I don't know if anyone else had been regularly using "lens blur" as a synonym to bokeh, before your preview of the RX1.

As for mindflow, it strikes me as an apt description of Gabriel Garcia Marquez' Autumn of the Patriarch which contains not a single punctuation, but can be read from cover-to-cover in one sitting.

Is there any suitable candidate for your "DMD" among the recent crop of mirrorless digitals?

Two neo-acronyms in a decade(?) is not bad.

Dear Mike,

Don't feel inhibited from using "mindflow." Most terms of art in any discipline are existing words that are overlaid with new meanings. You may not be able to take credit for full invention, but coinage is entirely allowable.

I see mm-e or mm-equivalent used all over the place, so I think you have some legitimate claim to proud parenthood and primacy. Whether or not you're truly the first, we'll leave for the editors of the OED to sort out.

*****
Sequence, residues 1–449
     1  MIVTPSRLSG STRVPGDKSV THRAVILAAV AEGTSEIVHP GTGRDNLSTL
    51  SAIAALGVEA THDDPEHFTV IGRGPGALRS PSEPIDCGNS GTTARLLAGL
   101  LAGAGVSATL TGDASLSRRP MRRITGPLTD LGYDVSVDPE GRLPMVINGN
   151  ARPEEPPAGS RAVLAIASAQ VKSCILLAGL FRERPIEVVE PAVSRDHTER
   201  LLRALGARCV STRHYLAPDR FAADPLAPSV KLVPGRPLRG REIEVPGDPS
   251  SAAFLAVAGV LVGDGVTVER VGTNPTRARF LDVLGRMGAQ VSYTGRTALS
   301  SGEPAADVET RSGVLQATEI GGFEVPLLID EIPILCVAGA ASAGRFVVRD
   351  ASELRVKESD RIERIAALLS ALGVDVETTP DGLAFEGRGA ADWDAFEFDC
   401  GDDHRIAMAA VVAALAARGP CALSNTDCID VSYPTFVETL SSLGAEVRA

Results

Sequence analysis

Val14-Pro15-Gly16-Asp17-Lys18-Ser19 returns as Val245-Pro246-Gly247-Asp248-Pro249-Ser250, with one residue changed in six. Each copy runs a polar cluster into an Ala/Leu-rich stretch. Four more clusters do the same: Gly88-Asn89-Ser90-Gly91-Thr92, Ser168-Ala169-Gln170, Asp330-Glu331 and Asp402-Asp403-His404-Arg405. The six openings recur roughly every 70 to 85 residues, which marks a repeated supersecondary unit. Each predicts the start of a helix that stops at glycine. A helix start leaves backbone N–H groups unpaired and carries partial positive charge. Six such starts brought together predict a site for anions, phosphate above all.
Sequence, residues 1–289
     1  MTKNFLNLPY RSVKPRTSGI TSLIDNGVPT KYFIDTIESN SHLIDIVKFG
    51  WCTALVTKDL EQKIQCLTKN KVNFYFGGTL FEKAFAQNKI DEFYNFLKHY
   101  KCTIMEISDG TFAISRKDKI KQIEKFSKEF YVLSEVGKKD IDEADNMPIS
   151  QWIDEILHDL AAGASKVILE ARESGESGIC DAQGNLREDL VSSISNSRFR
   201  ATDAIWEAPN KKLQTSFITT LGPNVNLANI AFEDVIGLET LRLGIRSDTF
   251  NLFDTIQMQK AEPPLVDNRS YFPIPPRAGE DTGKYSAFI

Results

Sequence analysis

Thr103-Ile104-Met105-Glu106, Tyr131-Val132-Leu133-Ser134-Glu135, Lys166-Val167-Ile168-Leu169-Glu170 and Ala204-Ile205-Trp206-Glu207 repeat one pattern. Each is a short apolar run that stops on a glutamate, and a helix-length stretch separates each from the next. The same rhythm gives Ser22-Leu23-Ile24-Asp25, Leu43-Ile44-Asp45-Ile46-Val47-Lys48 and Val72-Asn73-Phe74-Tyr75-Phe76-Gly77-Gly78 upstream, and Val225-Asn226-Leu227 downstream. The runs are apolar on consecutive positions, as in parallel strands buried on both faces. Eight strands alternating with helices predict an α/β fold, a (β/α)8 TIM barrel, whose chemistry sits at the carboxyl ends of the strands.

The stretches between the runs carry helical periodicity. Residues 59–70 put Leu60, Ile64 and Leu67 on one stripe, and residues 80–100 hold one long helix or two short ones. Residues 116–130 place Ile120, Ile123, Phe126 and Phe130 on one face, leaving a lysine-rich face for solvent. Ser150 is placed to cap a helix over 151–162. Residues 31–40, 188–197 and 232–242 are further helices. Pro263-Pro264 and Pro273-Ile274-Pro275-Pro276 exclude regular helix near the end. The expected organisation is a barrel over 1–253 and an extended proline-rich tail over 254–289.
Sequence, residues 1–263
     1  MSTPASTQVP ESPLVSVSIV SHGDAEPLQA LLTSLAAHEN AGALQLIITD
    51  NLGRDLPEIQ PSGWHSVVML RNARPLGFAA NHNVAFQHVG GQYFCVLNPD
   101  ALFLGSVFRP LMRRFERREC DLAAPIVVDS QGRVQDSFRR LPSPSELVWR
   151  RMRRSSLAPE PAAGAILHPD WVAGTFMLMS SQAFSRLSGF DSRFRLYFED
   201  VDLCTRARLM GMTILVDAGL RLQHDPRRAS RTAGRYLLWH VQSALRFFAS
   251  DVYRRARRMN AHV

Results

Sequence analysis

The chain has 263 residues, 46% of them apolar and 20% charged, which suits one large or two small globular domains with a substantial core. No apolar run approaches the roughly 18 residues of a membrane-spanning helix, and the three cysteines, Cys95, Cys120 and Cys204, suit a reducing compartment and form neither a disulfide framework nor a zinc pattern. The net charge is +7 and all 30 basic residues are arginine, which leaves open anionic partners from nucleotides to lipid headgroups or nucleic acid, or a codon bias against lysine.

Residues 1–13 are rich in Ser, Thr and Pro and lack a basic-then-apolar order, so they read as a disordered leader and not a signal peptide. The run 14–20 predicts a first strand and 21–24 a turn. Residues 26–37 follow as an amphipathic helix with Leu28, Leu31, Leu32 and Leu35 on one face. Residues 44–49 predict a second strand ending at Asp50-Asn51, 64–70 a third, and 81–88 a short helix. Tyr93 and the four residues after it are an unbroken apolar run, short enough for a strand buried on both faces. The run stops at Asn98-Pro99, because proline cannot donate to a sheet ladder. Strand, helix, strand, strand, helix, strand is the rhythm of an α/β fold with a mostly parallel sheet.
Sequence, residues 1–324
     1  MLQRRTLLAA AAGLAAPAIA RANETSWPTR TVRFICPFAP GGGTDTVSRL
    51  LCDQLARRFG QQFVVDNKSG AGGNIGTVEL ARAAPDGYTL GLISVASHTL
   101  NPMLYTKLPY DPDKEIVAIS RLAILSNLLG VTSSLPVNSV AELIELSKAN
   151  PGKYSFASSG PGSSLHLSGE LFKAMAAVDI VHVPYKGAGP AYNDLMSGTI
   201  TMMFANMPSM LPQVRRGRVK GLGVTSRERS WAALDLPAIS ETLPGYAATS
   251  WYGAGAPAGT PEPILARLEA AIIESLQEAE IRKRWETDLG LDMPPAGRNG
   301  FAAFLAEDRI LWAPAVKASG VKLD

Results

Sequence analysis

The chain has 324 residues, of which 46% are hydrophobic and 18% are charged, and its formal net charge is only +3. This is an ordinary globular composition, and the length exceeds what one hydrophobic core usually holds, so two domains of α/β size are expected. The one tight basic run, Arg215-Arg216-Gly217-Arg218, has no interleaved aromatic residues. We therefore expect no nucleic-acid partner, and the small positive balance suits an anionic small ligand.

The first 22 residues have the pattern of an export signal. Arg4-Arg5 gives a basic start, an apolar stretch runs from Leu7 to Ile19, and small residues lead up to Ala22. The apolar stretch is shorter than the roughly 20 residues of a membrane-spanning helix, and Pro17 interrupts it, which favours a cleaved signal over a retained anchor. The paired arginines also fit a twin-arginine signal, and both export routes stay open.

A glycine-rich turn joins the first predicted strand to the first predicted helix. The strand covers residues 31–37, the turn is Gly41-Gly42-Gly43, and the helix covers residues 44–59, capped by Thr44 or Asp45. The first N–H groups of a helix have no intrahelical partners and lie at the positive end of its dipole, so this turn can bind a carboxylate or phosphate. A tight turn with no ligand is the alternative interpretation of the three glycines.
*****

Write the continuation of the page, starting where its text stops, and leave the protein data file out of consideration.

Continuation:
(Too bad you got the spelling of boke wrong, though {g.d.&r}.)

But as for digital "imaging" instead of "photography?" That one was never your call. It's a word of general usage, not a term of art. Entirely the province of the vox populi, and for 99% of them, if it looks like a duck and waddles like a duck and quacks like a duck, it's a duck. What's under the hood? Who cares! Really!

Of course, that ship is already over the horizon and rapidly the most common use is becoming that there is "photography" and "film (or analog, if one must) photography." Just as "computers" are assumed to be electronic rather than mechanical or human and "telephones" are assumed to have buttons rather than dials.

I have this vague recollection that at one time, care was taken to talk about "film" as opposed to plate photography. No doubt there are those who mourn the degradation of the art form because we need no longer remember that. My heart doth bleed.

At some point, likely within your lifetime, the plurality will not even remember there was film photography when the subject comes up, any more than they remember ambrotypes. Odd as that may sound. I toured the Houston Spaceflight Center last month and the guide was showing off the Apollo-era mission control room; he asked, at one point, if anyone knew what the perforated metal dials on each work console were. After several seconds, someone raised their hand and said, "Telephones?" It HAS been a while since the US went touch-tone.

pax / Ctein
-- Ctein's Online Gallery http://ctein.com
-- Digital Restorations http://photo-repair.com